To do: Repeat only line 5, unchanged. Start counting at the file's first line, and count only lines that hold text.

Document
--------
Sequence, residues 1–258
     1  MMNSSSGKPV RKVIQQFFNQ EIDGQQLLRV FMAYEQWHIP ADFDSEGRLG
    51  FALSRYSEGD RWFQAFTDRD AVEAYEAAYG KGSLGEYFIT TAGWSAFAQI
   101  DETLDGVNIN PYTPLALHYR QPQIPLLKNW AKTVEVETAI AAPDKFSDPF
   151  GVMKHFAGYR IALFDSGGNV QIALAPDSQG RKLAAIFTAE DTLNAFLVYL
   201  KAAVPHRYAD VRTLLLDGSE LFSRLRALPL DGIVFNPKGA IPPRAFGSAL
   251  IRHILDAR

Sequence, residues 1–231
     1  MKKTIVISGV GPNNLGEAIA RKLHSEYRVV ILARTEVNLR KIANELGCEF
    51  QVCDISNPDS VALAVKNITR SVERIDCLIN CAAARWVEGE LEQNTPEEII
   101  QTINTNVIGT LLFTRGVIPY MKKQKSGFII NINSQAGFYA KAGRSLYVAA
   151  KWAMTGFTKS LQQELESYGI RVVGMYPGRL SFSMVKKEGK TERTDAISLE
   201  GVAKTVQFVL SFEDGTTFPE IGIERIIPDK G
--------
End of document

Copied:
   151  GVMKHFAGYR IALFDSGGNV QIALAPDSQG RKLAAIFTAE DTLNAFLVYL